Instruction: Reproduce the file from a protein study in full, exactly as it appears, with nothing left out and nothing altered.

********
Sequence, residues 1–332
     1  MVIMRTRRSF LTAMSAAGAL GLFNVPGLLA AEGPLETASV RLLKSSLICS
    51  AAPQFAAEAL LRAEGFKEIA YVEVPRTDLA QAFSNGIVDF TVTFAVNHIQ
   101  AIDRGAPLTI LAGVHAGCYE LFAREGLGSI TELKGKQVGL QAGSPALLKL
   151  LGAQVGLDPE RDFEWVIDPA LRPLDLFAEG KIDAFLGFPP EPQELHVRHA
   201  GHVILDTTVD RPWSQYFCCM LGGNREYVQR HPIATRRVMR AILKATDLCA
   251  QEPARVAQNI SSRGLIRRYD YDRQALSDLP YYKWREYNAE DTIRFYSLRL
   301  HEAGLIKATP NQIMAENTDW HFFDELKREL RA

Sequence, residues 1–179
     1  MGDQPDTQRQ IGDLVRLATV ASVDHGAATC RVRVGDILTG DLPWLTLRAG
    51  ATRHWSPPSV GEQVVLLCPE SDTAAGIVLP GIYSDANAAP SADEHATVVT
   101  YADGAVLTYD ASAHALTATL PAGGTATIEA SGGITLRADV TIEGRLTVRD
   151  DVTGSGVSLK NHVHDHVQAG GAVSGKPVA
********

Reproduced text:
Sequence, residues 1–332
     1  MVIMRTRRSF LTAMSAAGAL GLFNVPGLLA AEGPLETASV RLLKSSLICS
    51  AAPQFAAEAL LRAEGFKEIA YVEVPRTDLA QAFSNGIVDF TVTFAVNHIQ
   101  AIDRGAPLTI LAGVHAGCYE LFAREGLGSI TELKGKQVGL QAGSPALLKL
   151  LGAQVGLDPE RDFEWVIDPA LRPLDLFAEG KIDAFLGFPP EPQELHVRHA
   201  GHVILDTTVD RPWSQYFCCM LGGNREYVQR HPIATRRVMR AILKATDLCA
   251  QEPARVAQNI SSRGLIRRYD YDRQALSDLP YYKWREYNAE DTIRFYSLRL
   301  HEAGLIKATP NQIMAENTDW HFFDELKREL RA

Sequence, residues 1–179
     1  MGDQPDTQRQ IGDLVRLATV ASVDHGAATC RVRVGDILTG DLPWLTLRAG
    51  ATRHWSPPSV GEQVVLLCPE SDTAAGIVLP GIYSDANAAP SADEHATVVT
   101  YADGAVLTYD ASAHALTATL PAGGTATIEA SGGITLRADV TIEGRLTVRD
   151  DVTGSGVSLK NHVHDHVQAG GAVSGKPVA